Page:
Dr. Bloomenstein explains the etiology of ocular surface conditions. "During the evaporative process you lose some antibiotic protection normally provided by the tear film," he says. "Combination drugs reduce meibomian gland inflammation, calm the lid surface, improve the tear film and reduce the risk of infection in my primarily elderly meibomitis patients."

Paul M. Karpecki, O.D., F.A.A.O., from Overland Park, Kan., starts with a simple regimen and adds medications as needed to reach the desired result. "I start with hot compresses and lid massage," he says. "If an eyelid has a lot of erythema and edema, I immediately add a combination drug to the regimen. My next step is to start the patient on 50 mg of doxycycline -- 20 mg if the higher dose upsets his stomach.


"Combination drugs reduce meibomian gland inflammation, calm the lid surface, improve the tear film and reduce the risk of infection in my primarily elderly meibomitis patients."

-- Marc R. Bloomenstein, O.D., F.A.A.O.

"I'm a big proponent of doxycycline. I prescribe it frequently. It does resolve meibomitis from the inside, but several weeks or months can pass before we see results," Dr. Karpecki says. "I find combination drops treat meibomitis and surface inflammation quicker than systemic therapy."

Dr. Thomas also uses doxycycline to treat persistent meibomitis. "Half of my meibomitis patients respond to traditional therapy," he says. "I offer doxycycline to the other half who are recalcitrant to first-line therapy."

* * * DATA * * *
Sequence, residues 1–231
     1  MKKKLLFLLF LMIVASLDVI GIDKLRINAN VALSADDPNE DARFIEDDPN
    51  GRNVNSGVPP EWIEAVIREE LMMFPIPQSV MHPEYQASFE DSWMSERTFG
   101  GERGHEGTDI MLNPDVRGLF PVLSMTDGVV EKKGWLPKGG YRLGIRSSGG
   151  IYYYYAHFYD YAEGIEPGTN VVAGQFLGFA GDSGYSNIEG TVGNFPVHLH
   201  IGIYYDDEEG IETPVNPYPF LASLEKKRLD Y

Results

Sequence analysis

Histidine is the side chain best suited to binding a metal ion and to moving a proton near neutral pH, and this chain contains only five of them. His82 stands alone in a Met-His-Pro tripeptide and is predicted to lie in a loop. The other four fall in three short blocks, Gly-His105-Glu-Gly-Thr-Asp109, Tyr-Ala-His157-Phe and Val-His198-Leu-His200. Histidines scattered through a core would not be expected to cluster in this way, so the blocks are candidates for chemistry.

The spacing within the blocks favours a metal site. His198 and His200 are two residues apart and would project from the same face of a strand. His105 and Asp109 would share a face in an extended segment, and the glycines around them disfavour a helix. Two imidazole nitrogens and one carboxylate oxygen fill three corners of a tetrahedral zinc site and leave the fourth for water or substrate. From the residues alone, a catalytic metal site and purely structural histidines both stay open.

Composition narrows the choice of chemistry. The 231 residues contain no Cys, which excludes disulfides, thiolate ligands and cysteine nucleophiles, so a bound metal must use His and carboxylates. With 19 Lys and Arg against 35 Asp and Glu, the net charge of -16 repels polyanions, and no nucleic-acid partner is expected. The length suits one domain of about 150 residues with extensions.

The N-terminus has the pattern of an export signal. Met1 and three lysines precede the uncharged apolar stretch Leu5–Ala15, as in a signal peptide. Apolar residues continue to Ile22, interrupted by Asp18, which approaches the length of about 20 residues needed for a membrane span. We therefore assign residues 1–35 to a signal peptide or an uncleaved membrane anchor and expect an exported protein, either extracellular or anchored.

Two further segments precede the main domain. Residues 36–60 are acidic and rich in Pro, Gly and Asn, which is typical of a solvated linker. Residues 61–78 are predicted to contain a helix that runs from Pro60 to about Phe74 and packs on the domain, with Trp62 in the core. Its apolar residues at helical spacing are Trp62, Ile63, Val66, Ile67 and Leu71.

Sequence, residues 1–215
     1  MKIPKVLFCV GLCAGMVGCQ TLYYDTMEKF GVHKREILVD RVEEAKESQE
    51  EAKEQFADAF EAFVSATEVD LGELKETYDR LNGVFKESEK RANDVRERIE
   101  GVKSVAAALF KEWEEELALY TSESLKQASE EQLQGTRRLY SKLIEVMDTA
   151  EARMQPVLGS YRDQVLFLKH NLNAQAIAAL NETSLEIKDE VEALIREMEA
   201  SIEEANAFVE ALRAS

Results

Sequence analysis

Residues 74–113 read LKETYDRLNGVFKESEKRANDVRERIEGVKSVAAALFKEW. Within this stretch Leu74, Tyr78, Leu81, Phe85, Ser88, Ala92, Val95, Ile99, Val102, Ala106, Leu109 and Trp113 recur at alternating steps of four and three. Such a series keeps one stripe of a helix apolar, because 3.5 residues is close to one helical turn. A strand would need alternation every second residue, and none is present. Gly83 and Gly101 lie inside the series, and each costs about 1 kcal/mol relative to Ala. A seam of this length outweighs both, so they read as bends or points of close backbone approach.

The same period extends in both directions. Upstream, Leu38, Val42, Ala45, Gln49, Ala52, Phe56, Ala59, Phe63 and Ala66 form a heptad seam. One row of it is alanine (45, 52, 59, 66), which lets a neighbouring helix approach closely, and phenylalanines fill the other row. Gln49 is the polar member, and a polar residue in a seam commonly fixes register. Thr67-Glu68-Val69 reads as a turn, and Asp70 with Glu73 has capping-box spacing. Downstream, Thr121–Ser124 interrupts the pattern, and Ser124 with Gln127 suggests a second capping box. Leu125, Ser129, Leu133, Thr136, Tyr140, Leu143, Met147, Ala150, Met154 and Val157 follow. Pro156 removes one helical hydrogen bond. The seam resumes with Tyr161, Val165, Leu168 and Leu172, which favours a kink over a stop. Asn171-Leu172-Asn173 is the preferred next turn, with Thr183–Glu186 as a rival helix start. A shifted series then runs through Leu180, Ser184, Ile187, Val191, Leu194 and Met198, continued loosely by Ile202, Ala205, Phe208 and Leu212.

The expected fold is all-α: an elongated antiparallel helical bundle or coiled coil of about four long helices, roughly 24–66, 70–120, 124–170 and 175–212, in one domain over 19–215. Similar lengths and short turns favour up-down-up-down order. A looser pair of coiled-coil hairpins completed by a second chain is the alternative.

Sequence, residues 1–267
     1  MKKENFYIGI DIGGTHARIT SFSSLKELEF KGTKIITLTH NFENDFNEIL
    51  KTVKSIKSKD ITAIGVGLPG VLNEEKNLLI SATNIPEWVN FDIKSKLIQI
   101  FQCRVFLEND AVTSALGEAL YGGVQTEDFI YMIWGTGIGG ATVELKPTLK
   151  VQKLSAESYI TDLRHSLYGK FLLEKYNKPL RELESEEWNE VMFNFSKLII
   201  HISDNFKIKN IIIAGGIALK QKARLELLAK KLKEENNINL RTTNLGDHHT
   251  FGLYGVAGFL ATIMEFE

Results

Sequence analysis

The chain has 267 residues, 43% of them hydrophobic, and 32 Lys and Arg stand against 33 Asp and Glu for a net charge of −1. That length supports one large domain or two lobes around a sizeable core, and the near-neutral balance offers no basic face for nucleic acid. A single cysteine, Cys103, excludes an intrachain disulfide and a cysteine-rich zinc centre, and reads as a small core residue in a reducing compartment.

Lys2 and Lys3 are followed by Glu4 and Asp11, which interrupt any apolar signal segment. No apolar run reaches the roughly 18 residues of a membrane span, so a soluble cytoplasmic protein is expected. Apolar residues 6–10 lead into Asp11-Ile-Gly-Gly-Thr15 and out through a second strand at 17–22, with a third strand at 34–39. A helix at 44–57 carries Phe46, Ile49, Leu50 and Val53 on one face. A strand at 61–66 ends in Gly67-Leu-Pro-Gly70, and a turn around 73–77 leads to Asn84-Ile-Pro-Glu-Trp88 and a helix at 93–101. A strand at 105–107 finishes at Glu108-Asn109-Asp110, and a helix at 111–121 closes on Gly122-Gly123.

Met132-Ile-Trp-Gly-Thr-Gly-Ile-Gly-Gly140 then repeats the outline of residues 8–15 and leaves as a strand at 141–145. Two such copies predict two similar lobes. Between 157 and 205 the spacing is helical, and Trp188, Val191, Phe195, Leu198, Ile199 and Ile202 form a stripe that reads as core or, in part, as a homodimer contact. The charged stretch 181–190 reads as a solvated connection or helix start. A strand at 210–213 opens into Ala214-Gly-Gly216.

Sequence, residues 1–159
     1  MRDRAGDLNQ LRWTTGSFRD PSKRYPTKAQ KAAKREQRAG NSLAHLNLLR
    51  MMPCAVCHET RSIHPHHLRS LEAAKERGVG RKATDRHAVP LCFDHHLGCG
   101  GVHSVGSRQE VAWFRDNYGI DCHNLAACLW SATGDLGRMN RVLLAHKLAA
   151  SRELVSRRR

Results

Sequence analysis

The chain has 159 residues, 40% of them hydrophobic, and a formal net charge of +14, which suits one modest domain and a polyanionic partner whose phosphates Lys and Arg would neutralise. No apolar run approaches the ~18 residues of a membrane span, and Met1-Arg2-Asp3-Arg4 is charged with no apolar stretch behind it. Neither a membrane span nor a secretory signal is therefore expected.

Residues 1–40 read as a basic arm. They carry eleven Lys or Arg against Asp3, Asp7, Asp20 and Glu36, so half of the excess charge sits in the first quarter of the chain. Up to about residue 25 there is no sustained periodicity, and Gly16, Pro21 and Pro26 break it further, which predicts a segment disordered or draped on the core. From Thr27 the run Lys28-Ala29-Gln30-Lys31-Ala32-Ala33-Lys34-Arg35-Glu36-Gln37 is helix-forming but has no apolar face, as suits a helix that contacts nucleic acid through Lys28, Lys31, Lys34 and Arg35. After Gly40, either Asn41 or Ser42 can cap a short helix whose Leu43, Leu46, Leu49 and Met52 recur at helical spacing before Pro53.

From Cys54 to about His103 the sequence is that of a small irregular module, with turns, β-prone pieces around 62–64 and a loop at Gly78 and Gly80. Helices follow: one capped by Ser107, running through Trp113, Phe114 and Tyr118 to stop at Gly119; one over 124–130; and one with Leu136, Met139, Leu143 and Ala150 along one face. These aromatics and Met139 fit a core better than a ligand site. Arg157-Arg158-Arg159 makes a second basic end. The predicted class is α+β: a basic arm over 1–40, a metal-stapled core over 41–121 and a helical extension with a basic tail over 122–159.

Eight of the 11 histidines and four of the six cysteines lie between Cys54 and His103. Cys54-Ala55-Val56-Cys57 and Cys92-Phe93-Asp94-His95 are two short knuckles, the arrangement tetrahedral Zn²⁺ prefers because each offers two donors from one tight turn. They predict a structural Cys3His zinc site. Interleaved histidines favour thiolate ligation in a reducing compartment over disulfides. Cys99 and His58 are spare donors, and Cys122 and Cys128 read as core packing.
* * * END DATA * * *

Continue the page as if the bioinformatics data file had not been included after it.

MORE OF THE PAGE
Combination diagnosis, combination drug

"Patients rarely have posterior blepharitis without some anterior involvement. You're more likely to see mixed disease than straight posterior or anterior blepharitis," Dr. Thomas says. "Fortunately, this complex problem responds well to treatment with combination steroid and anti-infective agents." 


Why is Loteprednol Safer?

In December 2004, Bausch & Lomb received FDA approval to manufacture and distribute Zylet, a new ophthalmic suspension that combines loteprednol etabonate 0.5%, the first and only ester-based corticosteroid, and tobramycin 0.3%, a time-tested aminoglycoside antibiotic.

Zylet is approved for steroid-responsive inflammatory ocular conditions for which a corticosteroid is indicated and where superficial bacterial ocular infection or a risk of a bacterial ocular infection exists.

Loteprednol is designed to be active at the site of application and deactivated in a predictable single reaction after achieving its therapeutic effect, thus minimizing ocular hypertension without sacrificing powerful steroid action. Unlike other steroids (prednisolone, dexamethasone, fluorometholone, rimexolone and medrysone), the number 20 position ketone group is absent. This group has been implicated in increasing the risk of cataract formation and elevated IOP with long-term use.

In contrast, loteprednol's high lipid solubility helps active ingredients penetrate the cornea, where they exert their anti-inflammatory effect before naturally occurring esterases convert loteprednol into an inactive metabolite. When added to tobramycin, an effective antibiotic, loteprednol is a well-tolerated agent for treating a wide spectrum of chronic inflammatory ocular conditions.



Optometric Management, Issue: March 2005

Table of Contents Archives